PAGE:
What is Sugarcane Mosaic Virus?

Team McFly Sep 02, 2023
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Mosaic Virus
Table of Contents
  1. Discover Sugarcane Mosaic Virus
    1. What Is It?

Discover Sugarcane Mosaic Virus

Sugarcane mosaic virus (SCMV) is a plant disease belonging to the Potyviridae family that poses serious challenges in Florida turfgrass environments.

Investigators could not infect plants experimentally with this sugarcane mosaic disease for years until Kamerling 193 believed it to be contagious and used juice derived from infected sugarcane to inoculate plants with diseased sugarcane juice.

What Is It?

Sugarcane mosaic virus (SCMV), one of the major plant diseases afflicting sugarcane, results from either single or combined infections of three viruses: Sugarcane Mottle Virus (SCMV), Sorghum Dwarf Mosaic Virus (SrMV) and Sugarcane Streak Mosaic Virus (SCSMV).

The sugarcane mosaic virus causes poor-quality cane with less sucrose. This has a big effect on production costs and economic losses. Mosaic disease in sugarcane can be detected through visual inspection and PCR testing of leaves without symptoms. Visual inspection requires professional knowledge, skill, and the ability to recognize mosaic symptoms quickly while testing by PCR identifies specific strains of the virus responsible.

PCR testing of symptomless leaves provides more accurate and detailed information regarding virus presence than visual inspection, although it is more expensive and labor-intensive than its visual equivalent. Furthermore, sugarcane can challenge this testing method due to genetic segregation within its hybrid seed crop and the multiple resistance genes present.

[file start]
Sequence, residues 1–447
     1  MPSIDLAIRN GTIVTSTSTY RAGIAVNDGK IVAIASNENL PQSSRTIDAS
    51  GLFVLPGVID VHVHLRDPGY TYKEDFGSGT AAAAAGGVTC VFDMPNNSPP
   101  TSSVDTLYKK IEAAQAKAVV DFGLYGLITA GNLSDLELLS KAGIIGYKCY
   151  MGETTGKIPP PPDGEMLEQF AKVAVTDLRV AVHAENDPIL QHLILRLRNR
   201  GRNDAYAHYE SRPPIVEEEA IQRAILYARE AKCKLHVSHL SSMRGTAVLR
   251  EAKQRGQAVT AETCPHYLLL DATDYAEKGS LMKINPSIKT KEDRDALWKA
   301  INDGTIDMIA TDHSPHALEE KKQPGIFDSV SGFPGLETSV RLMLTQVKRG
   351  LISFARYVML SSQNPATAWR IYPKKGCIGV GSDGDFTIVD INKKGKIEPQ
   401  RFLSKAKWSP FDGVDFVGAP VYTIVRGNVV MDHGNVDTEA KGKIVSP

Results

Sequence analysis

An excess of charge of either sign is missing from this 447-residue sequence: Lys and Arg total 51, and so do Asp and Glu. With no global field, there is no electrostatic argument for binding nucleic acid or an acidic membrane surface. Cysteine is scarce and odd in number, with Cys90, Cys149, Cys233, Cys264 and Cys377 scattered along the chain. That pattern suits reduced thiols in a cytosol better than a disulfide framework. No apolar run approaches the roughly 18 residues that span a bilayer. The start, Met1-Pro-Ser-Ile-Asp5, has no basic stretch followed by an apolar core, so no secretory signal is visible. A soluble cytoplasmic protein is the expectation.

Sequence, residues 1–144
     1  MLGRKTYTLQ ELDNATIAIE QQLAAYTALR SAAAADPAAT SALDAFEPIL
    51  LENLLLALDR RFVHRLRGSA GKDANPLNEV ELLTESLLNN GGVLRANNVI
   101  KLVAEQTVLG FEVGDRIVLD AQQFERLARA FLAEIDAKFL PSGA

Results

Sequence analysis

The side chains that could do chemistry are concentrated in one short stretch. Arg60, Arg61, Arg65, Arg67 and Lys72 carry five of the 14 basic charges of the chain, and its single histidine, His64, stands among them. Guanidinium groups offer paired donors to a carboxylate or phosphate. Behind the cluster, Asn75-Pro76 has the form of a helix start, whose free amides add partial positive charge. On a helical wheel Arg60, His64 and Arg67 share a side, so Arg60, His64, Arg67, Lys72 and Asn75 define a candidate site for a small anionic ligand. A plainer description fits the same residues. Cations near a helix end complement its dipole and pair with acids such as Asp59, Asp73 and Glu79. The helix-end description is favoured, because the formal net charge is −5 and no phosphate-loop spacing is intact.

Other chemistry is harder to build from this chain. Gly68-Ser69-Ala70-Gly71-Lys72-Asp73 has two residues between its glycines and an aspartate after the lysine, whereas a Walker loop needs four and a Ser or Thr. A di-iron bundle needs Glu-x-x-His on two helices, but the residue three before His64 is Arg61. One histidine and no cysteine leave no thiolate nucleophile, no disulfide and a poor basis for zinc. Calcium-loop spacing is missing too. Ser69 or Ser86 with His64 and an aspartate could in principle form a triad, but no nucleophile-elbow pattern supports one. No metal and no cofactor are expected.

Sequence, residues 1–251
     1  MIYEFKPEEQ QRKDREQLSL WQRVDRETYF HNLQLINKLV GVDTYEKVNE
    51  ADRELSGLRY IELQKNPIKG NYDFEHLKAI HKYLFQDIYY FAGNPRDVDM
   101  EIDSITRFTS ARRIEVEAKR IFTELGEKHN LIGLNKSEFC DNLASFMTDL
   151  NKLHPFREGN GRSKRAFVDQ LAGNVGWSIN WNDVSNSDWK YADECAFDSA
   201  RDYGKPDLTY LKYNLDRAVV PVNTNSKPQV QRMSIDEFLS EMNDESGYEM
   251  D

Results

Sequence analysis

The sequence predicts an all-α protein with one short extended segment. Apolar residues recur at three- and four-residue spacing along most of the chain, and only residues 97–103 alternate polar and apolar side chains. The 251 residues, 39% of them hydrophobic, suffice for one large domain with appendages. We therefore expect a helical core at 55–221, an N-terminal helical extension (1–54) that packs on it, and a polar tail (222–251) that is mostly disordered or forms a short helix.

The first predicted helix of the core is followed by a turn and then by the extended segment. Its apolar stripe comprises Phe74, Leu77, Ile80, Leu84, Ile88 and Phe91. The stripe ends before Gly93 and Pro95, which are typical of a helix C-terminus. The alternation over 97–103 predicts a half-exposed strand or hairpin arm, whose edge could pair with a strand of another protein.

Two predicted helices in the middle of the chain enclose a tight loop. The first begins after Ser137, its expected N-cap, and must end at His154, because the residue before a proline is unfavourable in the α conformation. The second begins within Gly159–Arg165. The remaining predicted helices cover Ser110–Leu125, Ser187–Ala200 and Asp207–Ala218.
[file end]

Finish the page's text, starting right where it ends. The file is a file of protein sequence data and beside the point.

Studies have demonstrated that planting virus-free cultivars can significantly decrease incidences of mosaic disease in sugarcane and increase sucrose content and yield.

Resistant varieties offer the most practical and cost-effective means of mitigating the impact of mosaic disease on sugarcane production. A recent metagenomics study demonstrated that SCMV had not been found in commercial sugarcane plantings during these years (Filloux et al., 2018). However, severe outbreaks have occurred since 2013 in St Augustine grass (cultivar Floratam) and annual grain crops and grasses like sorghum in the EAA.

The emergence of SCMV-causing strains poses a grave threat to future sugarcane production, so all known hosts of SCMV must remain away from sugarcane fields, particularly those known to harbor SCMV strains, through proper weed management practices.


Mosaic Disease, caused by a plant virus, manifests similarly to other plant ailments like nutritional deficiencies. Signs may appear on either leaves or stems of affected plants and, depending on their severity, may even result in their death.

Mosic disease can cause significant yield losses in sugarcane, sorghum, annual grasses, and turfgrass.

The symptoms include:

  • Green stripes on the paler green to yellow chlorotic areas with yellow stripes or streaks;

  • Usually developing on foliage;

  • Sometimes leading to leaf necrosis, defoliation, reduced growth, wilting, or stunting of plants.

This virus can be spread by weeds, infected seeds, or even the wind and can have disastrous effects on harvest product quality. Symptoms may mimic those caused by nutritional deficiencies; intensity and appearance depend on the season and environmental conditions.

In Kharif 1966, a devastating mosaic disease hit finger millet crops in Southern Karnataka and border districts of Andhra Pradesh in India, leading to their abandonment. The infection was caused by a potyvirus later known as sugarcane mosaic virus, Sorghum Red Stripe Virus (SCRSV), and Sorghum Rhizome Mosaic Virus; with high transmission potential and infected plants highly vulnerable to other members of its family (Subbayya & Raychaudhuri, 1970).

St. Augustinegrass has shown some resistance to SCMV; however, this disease remains highly prevalent in sugarcane-producing areas of central Florida and is an acute threat for growers in these regions due to its negative effect on sugarcane production as well as symptomatic turfgrass in fields nearby.